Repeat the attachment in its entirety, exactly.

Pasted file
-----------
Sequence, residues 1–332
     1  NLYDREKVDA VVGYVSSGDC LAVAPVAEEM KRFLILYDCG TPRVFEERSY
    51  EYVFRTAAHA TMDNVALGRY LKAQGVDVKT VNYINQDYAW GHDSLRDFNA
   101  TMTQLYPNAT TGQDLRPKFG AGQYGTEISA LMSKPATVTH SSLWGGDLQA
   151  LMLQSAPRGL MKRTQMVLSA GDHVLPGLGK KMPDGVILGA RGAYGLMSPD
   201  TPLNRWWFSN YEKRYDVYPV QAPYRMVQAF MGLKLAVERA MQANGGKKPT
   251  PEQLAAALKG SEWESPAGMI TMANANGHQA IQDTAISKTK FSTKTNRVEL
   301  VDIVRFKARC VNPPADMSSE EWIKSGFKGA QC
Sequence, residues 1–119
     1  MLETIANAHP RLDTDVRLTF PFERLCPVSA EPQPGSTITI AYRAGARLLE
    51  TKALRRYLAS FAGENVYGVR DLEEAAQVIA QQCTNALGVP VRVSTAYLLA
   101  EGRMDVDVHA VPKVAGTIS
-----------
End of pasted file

Sequence, residues 1–332
     1  NLYDREKVDA VVGYVSSGDC LAVAPVAEEM KRFLILYDCG TPRVFEERSY
    51  EYVFRTAAHA TMDNVALGRY LKAQGVDVKT VNYINQDYAW GHDSLRDFNA
   101  TMTQLYPNAT TGQDLRPKFG AGQYGTEISA LMSKPATVTH SSLWGGDLQA
   151  LMLQSAPRGL MKRTQMVLSA GDHVLPGLGK KMPDGVILGA RGAYGLMSPD
   201  TPLNRWWFSN YEKRYDVYPV QAPYRMVQAF MGLKLAVERA MQANGGKKPT
   251  PEQLAAALKG SEWESPAGMI TMANANGHQA IQDTAISKTK FSTKTNRVEL
   301  VDIVRFKARC VNPPADMSSE EWIKSGFKGA QC
Sequence, residues 1–119
     1  MLETIANAHP RLDTDVRLTF PFERLCPVSA EPQPGSTITI AYRAGARLLE
    51  TKALRRYLAS FAGENVYGVR DLEEAAQVIA QQCTNALGVP VRVSTAYLLA
   101  EGRMDVDVHA VPKVAGTIS